Helped by a bankruptcy restructuring, less competition, lower fuel prices and new leadership, American Airlines Group Inc. earned $2.7 billion last year. They are not going to hoard it all to themselves,’ said John Samuelson, president of the Transport Workers Union. ‘The TWU work force is going to get their fair share in this contract negotiation.’
Samuelson’s union organised the midday rally at Dallas-Fort Worth International Airport, which airport police estimated at 600 people. Another protest was planned for later in the day. The transport union and another union have been negotiating with American for a new contract since late 2015.
The transport union says workers need higher wages to make up for concessionary contracts that were approved when American was in financial distress in 2003 and 2012. They also say that American is raising profits by moving some maintenance work from Tulsa, Oklahoma, to foreign shops where labour costs are lower.
American has announced plans to build what the union says will be a $100 million maintenance facility in Brazil – American puts the cost at $50 million. American Airlines spokesman Matt Miller said the airline gave the union a contract proposal last week that would protect current jobs even as it builds a two-airplane hangar in Sao Paulo, Brazil.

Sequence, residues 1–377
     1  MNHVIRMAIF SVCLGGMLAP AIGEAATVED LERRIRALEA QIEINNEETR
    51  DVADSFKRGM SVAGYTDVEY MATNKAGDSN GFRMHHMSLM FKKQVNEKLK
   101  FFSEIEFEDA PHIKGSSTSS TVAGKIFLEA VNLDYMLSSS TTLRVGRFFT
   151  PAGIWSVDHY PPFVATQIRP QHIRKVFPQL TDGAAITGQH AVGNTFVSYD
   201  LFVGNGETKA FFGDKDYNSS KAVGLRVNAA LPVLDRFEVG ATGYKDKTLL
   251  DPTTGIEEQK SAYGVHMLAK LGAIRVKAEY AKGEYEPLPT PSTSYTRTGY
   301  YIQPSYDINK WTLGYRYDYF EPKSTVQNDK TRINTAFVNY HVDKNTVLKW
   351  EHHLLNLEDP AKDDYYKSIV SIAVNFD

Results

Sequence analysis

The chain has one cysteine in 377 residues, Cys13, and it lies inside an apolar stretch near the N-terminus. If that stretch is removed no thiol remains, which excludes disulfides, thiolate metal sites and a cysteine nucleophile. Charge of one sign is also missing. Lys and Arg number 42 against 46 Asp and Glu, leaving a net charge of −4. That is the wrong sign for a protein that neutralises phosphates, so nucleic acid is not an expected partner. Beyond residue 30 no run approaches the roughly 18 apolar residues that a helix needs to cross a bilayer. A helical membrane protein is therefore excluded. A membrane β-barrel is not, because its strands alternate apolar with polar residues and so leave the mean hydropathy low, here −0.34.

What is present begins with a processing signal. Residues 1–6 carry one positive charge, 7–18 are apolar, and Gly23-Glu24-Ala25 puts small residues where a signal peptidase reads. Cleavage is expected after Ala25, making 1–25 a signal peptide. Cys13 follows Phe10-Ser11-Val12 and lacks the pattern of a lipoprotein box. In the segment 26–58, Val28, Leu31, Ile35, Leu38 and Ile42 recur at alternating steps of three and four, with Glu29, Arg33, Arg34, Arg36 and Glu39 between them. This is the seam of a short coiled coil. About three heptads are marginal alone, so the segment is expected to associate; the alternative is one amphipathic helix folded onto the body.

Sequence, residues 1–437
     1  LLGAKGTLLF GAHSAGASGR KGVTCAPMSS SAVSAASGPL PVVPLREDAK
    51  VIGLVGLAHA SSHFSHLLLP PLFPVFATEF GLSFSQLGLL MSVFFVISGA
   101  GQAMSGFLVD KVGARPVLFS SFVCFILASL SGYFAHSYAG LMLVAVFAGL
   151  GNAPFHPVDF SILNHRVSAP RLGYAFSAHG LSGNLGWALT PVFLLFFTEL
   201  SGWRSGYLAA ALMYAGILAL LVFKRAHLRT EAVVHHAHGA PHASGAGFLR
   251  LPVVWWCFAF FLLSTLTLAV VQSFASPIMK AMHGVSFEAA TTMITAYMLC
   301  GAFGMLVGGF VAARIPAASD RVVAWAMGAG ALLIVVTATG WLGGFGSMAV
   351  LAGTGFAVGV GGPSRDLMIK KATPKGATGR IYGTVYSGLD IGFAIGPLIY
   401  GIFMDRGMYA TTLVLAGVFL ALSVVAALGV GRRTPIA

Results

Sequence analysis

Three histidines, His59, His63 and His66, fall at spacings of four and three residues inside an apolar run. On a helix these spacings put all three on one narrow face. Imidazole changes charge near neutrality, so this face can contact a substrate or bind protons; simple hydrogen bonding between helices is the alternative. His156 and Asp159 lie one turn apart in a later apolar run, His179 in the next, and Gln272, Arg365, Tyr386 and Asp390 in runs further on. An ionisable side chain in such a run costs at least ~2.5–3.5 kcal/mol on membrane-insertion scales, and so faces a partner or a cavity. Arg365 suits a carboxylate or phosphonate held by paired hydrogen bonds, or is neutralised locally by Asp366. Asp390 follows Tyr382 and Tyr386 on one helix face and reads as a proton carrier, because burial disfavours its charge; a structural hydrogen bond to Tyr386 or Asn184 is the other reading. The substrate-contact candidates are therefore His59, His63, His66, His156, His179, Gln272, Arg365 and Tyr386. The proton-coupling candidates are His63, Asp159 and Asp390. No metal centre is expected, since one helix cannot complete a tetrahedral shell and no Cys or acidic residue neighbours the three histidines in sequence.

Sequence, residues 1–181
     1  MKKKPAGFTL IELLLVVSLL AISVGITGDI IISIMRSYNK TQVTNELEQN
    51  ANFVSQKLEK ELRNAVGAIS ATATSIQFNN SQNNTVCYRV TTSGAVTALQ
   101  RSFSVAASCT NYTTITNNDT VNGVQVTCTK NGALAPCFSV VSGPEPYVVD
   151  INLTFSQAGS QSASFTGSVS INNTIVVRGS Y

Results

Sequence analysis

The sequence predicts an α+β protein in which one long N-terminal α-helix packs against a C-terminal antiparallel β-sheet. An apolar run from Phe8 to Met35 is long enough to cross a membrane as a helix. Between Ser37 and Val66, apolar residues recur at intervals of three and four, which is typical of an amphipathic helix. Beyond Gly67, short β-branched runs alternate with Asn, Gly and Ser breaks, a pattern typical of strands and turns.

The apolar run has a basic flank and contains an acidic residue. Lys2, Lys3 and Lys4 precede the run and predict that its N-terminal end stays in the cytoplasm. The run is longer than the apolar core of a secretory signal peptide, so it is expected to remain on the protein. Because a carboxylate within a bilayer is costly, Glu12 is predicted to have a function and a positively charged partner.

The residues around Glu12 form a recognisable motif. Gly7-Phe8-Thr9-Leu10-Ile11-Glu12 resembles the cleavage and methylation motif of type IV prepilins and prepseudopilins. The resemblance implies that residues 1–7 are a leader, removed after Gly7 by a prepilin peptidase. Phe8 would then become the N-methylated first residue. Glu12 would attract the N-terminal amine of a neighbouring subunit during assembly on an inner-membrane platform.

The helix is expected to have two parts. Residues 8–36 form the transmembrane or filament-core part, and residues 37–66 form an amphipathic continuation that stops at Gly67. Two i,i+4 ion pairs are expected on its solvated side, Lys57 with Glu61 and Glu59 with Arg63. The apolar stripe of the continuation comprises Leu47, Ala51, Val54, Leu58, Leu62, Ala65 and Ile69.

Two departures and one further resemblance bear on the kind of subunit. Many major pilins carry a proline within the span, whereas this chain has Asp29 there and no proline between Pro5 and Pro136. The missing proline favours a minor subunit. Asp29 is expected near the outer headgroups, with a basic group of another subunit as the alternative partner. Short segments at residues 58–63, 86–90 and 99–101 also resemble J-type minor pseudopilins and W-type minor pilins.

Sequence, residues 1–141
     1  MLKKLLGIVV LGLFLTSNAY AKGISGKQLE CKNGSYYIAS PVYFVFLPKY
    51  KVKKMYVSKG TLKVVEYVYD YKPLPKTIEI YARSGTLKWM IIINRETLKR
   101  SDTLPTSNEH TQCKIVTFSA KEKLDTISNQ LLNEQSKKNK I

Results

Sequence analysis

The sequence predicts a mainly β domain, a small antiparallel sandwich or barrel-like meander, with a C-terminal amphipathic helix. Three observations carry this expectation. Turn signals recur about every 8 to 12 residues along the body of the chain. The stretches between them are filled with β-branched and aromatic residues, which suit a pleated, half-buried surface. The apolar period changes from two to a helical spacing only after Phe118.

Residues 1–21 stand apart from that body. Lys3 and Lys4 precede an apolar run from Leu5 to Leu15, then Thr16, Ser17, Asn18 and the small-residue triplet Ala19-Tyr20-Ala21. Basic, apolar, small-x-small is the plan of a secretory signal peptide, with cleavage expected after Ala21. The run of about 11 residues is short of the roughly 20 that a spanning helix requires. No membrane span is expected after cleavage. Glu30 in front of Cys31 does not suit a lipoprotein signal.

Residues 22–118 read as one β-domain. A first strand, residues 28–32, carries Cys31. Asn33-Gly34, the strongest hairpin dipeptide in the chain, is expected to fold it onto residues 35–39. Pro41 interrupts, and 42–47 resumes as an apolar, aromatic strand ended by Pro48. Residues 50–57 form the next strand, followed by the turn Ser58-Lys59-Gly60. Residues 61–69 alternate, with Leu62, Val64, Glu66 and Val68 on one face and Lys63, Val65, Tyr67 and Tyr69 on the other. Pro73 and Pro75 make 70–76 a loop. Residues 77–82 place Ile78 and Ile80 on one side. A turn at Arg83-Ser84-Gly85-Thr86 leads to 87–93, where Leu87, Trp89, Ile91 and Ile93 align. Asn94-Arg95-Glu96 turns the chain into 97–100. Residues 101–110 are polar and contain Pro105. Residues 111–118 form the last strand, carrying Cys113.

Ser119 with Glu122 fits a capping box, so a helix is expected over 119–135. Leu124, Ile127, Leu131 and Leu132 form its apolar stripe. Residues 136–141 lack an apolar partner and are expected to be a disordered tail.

On the wage issue, Miller said that last year American gave pay raises outside of the normal bargaining process to its union employees, including increases of between 15 per cent and 36 per cent for many maintenance workers. Samuelson, the union president, said that even with last year’s rises, ground workers at American will soon fall behind in wages because of recent contracts at other major airlines, and they already have inferior health and pension benefits.
• If Trump’s Republicans were serious about lifting a finger to help working people they would immediately vote to raise the minimum wage. That’s because in the 21 states with $7.25 an hour minimum wage, an average of 36.8 per cent of the workforce would get rises IF the minimum wage were raised.
According to the National Employment Law Project that’s 20.7 million workers who would have more money in their pockets. Democrat senators Chuck Schumer and Bernie Sanders have introduced the Raise The Wage Act of 2017 in the Senate and 28 Democrats are co-sponsoring it. The Democrats want to raise wages to a minimum of $15 an hour by 2024. Trump’s Republicans refuse to raise the minimum wage.